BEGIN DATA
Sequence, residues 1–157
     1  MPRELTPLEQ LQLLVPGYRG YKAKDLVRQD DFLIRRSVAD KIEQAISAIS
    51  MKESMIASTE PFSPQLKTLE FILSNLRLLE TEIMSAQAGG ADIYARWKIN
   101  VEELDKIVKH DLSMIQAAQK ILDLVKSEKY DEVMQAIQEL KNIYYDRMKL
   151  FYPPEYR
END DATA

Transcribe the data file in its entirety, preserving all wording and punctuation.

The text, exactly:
Sequence, residues 1–157
     1  MPRELTPLEQ LQLLVPGYRG YKAKDLVRQD DFLIRRSVAD KIEQAISAIS
    51  MKESMIASTE PFSPQLKTLE FILSNLRLLE TEIMSAQAGG ADIYARWKIN
   101  VEELDKIVKH DLSMIQAAQK ILDLVKSEKY DEVMQAIQEL KNIYYDRMKL
   151  FYPPEYR